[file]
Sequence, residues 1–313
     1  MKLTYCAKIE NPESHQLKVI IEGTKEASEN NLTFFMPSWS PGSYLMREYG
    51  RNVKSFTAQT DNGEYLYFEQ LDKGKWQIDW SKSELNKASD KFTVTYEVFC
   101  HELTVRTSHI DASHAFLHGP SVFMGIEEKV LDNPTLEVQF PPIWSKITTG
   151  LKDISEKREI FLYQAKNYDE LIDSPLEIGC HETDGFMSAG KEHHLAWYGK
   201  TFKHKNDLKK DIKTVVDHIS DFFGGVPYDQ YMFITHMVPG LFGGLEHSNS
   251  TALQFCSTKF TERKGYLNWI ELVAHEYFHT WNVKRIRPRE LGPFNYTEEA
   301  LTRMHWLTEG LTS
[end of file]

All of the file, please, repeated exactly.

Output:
Sequence, residues 1–313
     1  MKLTYCAKIE NPESHQLKVI IEGTKEASEN NLTFFMPSWS PGSYLMREYG
    51  RNVKSFTAQT DNGEYLYFEQ LDKGKWQIDW SKSELNKASD KFTVTYEVFC
   101  HELTVRTSHI DASHAFLHGP SVFMGIEEKV LDNPTLEVQF PPIWSKITTG
   151  LKDISEKREI FLYQAKNYDE LIDSPLEIGC HETDGFMSAG KEHHLAWYGK
   201  TFKHKNDLKK DIKTVVDHIS DFFGGVPYDQ YMFITHMVPG LFGGLEHSNS
   251  TALQFCSTKF TERKGYLNWI ELVAHEYFHT WNVKRIRPRE LGPFNYTEEA
   301  LTRMHWLTEG LTS